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Cincinnati’s Retirement System Seeks Council Financial Bolster

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The City of Cincinnati’s Retirement System, in an endeavor to move the city’s retirement fund contribution, back towards the black, is asking the Council to double last year’s retirement fund contribution.

At the moment the city is facing a retirement fund deficit of 728 million dollars over the next 30 years. The Retirement System’s Board is seeking 67 million in 2013, equals to approximately 42 percent of payroll expenses, while the city’s contribution would be around 24 percent.

According to a city administration representative the city paid out, a little less than, $35 million last year.

Retired employees, however, are of the opinion that it was the city’s liability, since they had already increased their health contributions, to meet the deficit and put the fund back on firm footing and that they should pay the 67 million that they are seeking from the Council.

Council members feel that 67 million dollars is too big an amount for the General Fund budget to manage and could result in cutting of current city worker jobs.

City retired employee Barbara Olson said, “This continues to add to how fast my pacemakers wear out. They need to be with me when I have a medical procedure or when I’m trying to do something with grandchildren and can’t afford to do it. Or just meeting our responsibilities and being decent citizens.

We really calculated very closely what we needed to live on and how we could do it,” Olson explained. “I was told the whole time I was working that this was concrete.”

She said that she was angered and frustrated by the pension report; bring her to the verge of tears. She had worked for 13 years before retiring on disability.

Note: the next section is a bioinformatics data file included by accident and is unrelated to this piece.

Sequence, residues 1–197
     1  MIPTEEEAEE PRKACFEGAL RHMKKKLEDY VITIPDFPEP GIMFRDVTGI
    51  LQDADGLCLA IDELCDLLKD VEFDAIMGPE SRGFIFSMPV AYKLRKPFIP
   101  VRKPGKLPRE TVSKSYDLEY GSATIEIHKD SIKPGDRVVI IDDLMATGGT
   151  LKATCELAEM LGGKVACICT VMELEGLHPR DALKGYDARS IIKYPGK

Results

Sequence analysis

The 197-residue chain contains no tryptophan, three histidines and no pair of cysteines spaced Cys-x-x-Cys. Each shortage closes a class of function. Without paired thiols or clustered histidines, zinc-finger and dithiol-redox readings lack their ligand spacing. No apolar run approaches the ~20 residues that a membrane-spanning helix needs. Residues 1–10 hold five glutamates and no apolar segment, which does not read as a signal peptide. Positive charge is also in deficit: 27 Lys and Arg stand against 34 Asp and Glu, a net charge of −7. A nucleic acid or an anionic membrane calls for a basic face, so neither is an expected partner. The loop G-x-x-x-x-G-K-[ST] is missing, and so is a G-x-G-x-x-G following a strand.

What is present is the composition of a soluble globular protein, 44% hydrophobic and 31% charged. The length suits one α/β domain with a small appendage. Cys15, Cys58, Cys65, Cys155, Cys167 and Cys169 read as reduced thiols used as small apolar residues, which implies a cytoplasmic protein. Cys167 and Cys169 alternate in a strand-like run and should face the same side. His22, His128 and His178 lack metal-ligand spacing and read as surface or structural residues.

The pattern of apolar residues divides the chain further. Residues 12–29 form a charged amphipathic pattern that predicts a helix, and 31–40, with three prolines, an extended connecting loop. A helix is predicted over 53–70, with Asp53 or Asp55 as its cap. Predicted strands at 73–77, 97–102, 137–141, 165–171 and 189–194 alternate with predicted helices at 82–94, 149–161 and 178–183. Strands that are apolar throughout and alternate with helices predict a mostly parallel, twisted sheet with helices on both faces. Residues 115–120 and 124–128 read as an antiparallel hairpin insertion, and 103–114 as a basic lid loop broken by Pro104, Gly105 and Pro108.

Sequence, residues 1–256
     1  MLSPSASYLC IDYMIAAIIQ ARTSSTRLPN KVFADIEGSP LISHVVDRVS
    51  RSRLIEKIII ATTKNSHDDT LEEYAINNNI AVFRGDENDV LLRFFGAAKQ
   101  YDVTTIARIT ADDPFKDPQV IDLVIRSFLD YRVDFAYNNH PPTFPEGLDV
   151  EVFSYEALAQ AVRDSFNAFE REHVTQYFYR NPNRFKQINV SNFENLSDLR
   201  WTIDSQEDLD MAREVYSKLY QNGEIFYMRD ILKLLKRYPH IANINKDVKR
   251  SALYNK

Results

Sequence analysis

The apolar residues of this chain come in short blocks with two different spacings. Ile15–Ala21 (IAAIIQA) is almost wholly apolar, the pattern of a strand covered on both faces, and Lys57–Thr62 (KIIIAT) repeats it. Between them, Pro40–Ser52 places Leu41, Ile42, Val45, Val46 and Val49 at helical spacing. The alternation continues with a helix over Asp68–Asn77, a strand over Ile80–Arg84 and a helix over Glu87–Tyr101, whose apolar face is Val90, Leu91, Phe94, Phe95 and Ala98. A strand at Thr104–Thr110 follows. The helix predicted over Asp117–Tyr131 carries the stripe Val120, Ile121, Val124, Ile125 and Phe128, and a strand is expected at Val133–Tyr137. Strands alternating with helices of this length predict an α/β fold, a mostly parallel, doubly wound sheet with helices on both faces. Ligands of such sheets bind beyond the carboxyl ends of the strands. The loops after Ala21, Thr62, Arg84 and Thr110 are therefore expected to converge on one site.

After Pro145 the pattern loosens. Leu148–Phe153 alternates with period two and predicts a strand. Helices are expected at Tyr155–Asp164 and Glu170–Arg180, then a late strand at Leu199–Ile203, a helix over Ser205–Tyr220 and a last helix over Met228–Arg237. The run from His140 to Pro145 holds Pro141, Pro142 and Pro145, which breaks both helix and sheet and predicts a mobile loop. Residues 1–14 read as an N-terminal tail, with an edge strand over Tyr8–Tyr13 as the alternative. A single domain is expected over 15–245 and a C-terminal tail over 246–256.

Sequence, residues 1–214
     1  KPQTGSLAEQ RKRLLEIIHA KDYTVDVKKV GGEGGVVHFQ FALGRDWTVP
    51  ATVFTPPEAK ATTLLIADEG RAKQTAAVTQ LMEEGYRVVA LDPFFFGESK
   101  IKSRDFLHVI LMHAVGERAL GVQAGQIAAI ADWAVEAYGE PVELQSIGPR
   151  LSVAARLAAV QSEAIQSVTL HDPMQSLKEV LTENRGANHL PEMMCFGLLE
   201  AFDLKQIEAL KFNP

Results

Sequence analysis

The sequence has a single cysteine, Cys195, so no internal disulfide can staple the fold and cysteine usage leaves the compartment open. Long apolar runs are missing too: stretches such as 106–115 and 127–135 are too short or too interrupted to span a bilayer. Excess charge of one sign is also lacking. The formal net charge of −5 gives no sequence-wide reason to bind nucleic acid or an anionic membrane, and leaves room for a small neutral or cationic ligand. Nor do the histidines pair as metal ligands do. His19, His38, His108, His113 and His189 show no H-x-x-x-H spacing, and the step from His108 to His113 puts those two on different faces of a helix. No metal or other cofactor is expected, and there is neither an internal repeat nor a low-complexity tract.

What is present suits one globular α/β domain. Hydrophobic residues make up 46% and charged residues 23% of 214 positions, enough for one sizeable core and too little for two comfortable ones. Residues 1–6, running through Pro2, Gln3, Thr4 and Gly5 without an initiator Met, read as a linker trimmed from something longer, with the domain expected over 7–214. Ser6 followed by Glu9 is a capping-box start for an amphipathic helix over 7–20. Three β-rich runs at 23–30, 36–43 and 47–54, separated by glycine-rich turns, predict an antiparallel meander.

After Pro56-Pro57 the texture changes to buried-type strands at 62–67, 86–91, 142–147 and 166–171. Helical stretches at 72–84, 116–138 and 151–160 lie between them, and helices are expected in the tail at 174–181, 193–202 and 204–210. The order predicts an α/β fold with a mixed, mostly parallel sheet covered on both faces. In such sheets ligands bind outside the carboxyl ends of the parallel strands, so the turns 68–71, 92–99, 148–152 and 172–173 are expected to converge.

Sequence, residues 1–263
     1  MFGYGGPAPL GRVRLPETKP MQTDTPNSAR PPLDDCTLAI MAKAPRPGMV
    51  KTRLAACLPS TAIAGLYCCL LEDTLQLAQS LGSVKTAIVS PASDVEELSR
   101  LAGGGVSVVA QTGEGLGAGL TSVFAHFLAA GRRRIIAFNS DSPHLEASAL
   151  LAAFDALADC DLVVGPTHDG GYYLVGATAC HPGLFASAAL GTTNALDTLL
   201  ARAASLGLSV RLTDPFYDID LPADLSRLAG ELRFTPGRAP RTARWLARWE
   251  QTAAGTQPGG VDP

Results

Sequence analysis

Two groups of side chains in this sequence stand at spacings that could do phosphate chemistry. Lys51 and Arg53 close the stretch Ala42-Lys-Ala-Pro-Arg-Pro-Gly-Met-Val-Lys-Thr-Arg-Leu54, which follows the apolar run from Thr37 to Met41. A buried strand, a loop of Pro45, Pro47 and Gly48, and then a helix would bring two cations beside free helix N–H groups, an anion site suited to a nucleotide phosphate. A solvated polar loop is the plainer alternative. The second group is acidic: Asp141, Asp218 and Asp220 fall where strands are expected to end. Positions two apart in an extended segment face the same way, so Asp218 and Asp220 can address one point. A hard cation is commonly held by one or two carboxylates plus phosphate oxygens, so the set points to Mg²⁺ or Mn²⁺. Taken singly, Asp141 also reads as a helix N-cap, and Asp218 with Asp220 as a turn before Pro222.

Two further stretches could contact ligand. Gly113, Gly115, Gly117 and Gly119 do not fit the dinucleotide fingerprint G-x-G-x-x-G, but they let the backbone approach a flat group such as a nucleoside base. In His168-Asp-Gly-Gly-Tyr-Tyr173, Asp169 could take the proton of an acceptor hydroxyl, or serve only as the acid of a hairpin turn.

Another employee Thomas Koch echoed similar feelings of anger and irritation. He said, “When times were good they didn’t put the money in so now we have to pay for what they didn’t do. You’ve got to have money to live on if you want to take your wife out to eat every once in a while. Taking three, four hundred dollars out of your paycheck every month, that’s a lot of money.”

City Council members, say they have a difficult decision to make and that whichever, way they move has its own set of problems. Yvette Simpson said, “If we go on the side of taking money out of the General Fund people have to understand that means that is going to be a severe cut in services or a steep increase in income taxes. But we also have to make sure we’re doing right by the people that are retired.”

Councilwoman Roxanne Qualls accepted that, “There are lots of needs and what we have to make sure is that the pension fund remains solvent. But in the midst of it we can’t basically impoverish the rest of the city. We’re still digging out of the hole,” she said. “When we don’t perform at the level that we need to we fall further behind. It’s a vicious cycle.”

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Cincinnati’s Retirement System Seeks Council Financial Bolster by
Authored by: Harrison Barnes